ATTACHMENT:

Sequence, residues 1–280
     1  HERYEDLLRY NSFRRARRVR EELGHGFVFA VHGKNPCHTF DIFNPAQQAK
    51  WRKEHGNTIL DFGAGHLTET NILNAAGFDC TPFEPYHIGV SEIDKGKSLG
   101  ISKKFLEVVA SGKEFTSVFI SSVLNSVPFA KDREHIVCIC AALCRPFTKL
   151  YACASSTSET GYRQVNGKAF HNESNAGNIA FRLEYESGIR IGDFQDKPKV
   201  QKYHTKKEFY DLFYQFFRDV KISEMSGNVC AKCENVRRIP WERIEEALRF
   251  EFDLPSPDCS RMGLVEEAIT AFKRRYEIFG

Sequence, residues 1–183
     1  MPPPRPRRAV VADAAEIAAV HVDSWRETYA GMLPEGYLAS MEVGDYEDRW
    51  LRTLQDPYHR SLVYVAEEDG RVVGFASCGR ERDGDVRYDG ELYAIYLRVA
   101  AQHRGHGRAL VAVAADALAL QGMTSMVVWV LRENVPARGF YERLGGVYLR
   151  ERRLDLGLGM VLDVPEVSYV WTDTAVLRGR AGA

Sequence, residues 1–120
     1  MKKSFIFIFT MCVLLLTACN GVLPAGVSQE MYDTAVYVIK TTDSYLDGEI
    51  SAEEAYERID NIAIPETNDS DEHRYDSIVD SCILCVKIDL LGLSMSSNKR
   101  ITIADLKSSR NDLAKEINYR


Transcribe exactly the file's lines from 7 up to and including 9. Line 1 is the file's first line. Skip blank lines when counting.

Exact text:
   251  EFDLPSPDCS RMGLVEEAIT AFKRRYEIFG

Sequence, residues 1–183
     1  MPPPRPRRAV VADAAEIAAV HVDSWRETYA GMLPEGYLAS MEVGDYEDRW